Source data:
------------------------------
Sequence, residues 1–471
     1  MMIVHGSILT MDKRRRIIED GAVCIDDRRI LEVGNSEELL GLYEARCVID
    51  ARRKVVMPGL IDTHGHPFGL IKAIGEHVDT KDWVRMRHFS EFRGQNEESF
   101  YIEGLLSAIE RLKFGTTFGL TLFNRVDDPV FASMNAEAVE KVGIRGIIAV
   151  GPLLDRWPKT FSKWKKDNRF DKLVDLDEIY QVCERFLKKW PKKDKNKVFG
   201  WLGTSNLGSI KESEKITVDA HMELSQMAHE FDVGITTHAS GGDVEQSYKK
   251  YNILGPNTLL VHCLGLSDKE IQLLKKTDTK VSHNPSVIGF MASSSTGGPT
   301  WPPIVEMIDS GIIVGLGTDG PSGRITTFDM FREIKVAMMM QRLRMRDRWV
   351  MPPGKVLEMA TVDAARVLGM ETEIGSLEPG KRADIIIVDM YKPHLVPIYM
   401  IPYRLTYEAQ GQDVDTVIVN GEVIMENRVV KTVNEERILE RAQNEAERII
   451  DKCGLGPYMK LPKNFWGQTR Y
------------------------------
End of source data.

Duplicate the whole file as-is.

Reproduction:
Sequence, residues 1–471
     1  MMIVHGSILT MDKRRRIIED GAVCIDDRRI LEVGNSEELL GLYEARCVID
    51  ARRKVVMPGL IDTHGHPFGL IKAIGEHVDT KDWVRMRHFS EFRGQNEESF
   101  YIEGLLSAIE RLKFGTTFGL TLFNRVDDPV FASMNAEAVE KVGIRGIIAV
   151  GPLLDRWPKT FSKWKKDNRF DKLVDLDEIY QVCERFLKKW PKKDKNKVFG
   201  WLGTSNLGSI KESEKITVDA HMELSQMAHE FDVGITTHAS GGDVEQSYKK
   251  YNILGPNTLL VHCLGLSDKE IQLLKKTDTK VSHNPSVIGF MASSSTGGPT
   301  WPPIVEMIDS GIIVGLGTDG PSGRITTFDM FREIKVAMMM QRLRMRDRWV
   351  MPPGKVLEMA TVDAARVLGM ETEIGSLEPG KRADIIIVDM YKPHLVPIYM
   401  IPYRLTYEAQ GQDVDTVIVN GEVIMENRVV KTVNEERILE RAQNEAERII
   451  DKCGLGPYMK LPKNFWGQTR Y